$\int_C ds = \int_a^b ||\mathbf{x}'(t)|| dt$

Definition (line integral of a scalar field) Let $$f$$ be a continuous function on a smooth curve $$C$$ parameterized by $$\mathbf{x}(t)$$, the integral of $$f$$ over $$C$$ with respect to arc length is

$\int_C f ds = \int_a^b f(\mathbf{x}(t))||\mathbf{x}'(t)|| dt$

The illustration on Wikipedia is pretty good

The line integral over

#### 2.3.2. Line Integral over Vector Field

The vector field line integral has two versions:

• measuring the sum of tangent component (work)
• meausring the sum of perpendicular component (flux)

Definition (line integral of a vector field, work) For a vector field $$\mathbf{F}: R^n \to R^n$$, the line integral along a piecewise smooth curve $$C$$, in the direction of $$r$$, is defined as

$\int_C \mathbf{F}(r) \cdot d\mathbf{r} = \int_a^b \mathbf{F}(\mathbf{r}(t)) \cdot \mathbf{r}'(t) dt$

Theorem (fundamental theorem of calculus for line integrals, gradient theorem) Let $$\varphi: U \subseteq R^n \to R^n$$ be a continuously differentiable function and $$\gamma$$ any curve in $$U$$ which starts at $$\mathbf{p}$$ and ends at $$\mathbf{q}$$. then

$\int_\gamma \nabla \varphi(\mathbf{r}) \cdot d\mathbf{r} = \varphi(\mathbf{q}) - \varphi(\mathbf{p})$

It implies the line integrals through a gradient field are path independent. In Physics, $$\varphi$$ is a potential and $$\nabla \varphi$$ is a conservative field: Work done by the conservative forces does not depend on the path, but only on the end points.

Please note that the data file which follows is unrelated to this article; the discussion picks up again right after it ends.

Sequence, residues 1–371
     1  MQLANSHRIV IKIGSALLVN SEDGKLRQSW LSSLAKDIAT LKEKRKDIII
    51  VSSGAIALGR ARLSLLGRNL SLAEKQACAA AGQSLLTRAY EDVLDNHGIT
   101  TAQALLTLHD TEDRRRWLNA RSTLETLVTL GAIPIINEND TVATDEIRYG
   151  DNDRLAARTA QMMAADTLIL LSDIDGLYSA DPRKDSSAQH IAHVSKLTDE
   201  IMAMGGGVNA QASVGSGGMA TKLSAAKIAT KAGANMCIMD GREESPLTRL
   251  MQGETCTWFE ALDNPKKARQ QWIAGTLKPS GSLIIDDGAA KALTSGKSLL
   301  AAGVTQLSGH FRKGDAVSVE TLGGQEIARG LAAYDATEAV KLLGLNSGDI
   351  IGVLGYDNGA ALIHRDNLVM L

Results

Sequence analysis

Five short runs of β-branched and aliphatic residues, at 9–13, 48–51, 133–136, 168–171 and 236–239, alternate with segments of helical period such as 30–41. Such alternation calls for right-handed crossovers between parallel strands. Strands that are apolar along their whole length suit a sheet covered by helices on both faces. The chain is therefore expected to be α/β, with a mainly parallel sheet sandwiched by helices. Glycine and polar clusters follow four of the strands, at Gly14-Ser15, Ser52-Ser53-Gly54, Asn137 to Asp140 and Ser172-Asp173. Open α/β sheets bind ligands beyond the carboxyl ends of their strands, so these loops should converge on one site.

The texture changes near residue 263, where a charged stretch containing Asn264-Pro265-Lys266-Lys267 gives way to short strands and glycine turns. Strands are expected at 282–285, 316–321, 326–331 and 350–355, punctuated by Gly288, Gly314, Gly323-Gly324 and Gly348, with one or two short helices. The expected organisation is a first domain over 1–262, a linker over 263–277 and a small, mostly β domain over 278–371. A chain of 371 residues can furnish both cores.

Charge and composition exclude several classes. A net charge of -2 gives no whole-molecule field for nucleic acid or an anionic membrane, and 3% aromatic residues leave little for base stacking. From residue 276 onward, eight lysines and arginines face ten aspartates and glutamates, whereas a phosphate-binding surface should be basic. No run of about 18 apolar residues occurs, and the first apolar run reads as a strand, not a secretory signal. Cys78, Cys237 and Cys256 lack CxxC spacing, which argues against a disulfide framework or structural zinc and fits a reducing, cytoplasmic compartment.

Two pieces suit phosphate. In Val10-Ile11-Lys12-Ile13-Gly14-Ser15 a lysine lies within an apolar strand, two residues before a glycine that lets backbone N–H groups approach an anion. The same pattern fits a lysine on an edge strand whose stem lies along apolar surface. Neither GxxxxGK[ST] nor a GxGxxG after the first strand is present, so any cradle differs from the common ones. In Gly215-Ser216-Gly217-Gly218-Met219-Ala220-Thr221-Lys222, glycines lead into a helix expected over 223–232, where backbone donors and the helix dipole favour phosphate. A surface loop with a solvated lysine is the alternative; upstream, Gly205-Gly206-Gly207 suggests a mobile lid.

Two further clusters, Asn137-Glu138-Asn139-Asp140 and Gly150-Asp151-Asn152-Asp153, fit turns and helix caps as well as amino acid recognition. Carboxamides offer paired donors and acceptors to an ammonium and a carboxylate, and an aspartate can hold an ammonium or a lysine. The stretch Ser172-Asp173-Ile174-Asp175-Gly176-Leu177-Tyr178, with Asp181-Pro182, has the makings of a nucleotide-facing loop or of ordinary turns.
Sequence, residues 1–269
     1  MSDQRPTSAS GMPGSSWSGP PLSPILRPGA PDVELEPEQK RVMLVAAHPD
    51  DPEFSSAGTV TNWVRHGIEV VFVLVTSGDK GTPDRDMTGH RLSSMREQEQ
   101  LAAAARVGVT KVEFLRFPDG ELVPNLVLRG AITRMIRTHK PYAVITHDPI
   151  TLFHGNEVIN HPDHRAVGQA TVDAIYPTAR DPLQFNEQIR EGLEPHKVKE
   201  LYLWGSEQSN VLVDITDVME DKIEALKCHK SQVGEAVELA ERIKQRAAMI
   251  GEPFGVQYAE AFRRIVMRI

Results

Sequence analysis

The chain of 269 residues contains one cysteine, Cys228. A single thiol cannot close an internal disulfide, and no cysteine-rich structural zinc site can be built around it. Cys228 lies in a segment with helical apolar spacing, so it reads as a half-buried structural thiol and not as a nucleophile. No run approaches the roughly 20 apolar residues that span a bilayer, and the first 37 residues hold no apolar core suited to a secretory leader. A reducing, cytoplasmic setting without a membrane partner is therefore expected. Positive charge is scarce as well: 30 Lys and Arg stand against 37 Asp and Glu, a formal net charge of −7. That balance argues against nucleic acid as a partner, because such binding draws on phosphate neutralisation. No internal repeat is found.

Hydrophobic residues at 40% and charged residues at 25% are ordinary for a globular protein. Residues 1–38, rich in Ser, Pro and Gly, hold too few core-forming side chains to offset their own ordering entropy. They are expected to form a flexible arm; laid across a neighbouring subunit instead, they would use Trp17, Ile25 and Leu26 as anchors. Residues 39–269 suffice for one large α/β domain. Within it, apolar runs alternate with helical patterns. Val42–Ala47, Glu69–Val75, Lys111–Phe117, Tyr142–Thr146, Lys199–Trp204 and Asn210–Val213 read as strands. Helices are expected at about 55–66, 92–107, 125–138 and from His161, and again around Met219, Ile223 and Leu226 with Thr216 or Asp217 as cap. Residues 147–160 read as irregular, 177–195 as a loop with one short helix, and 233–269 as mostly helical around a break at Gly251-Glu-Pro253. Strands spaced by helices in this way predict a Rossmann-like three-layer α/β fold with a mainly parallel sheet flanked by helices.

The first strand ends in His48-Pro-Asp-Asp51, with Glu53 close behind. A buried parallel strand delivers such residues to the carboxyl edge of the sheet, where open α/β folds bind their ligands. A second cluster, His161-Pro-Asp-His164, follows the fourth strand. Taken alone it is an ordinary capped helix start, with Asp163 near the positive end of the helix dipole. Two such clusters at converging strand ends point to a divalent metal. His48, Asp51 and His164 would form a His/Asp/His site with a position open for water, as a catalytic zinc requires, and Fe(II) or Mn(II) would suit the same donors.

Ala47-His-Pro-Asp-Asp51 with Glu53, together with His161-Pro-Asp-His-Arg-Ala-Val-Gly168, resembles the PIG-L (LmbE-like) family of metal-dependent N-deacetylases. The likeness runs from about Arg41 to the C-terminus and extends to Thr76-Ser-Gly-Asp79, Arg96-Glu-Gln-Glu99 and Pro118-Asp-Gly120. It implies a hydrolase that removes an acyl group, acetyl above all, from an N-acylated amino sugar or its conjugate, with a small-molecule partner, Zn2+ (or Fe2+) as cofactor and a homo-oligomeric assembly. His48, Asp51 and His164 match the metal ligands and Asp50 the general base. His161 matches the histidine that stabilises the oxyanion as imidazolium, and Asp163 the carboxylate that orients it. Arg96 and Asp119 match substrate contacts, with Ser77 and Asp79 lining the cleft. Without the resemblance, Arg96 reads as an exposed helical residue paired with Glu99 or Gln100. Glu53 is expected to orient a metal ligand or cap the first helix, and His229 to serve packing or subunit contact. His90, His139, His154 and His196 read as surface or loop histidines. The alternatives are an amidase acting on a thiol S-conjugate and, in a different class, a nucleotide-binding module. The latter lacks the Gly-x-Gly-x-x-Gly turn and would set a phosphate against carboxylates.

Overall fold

Criterion (conservative field is irrotational) A necessary and sufficient condition that a field $$\mathbf{F}$$ to be conservative is that

$\nabla \times \mathbf{F} = 0$

Theorem (Green) Let $$\mathbf{F}$$ be a continuously differentiable vector field, and $$D$$ a domain in $$R^2$$, then

$\int_{\partial D} \mathbf{F} \cdot d{\mathbf{r}} = \iint_{D} (\frac{\partial Q}{\partial x}-\frac{\partial{P}}{\partial y}) dA$

Definition (line integral of a vector field, flux) For a vector field $$\mathbf{F}(x,y) = (P(x,y), Q(x,y))$$, the line integral across a curve $$C$$ is defined in terms of a piecewise smooth parametrization $$\mathbf{r}(t) = (x(t), y(t))$$ as

$\int_C \mathbf{F}(r) \cdot d\mathbf{r}^{\perp} = \int_a^b (P(x,y), Q(x,y))(y', -x')dt = \int_a^b -Q dx + P dy$

## 3. Surface

### 3.1. Parameterized Surface

Definition (smooth surface) Let $$\mathbf{x}$$ be a smoothly bounded set $$D: \mathbb{R}^2 \to \mathbb{R}^3$$, denoted $$\mathbf{x}(u, v) = (x(u,v), y(u,v), z(u,v))$$, Suppose $$\mathbf{x}$$ satisfies the following conditions on the interior of $$D$$

• $$\mathbf{X}$$ is 1-to-1
• the partial deriavtives are bounded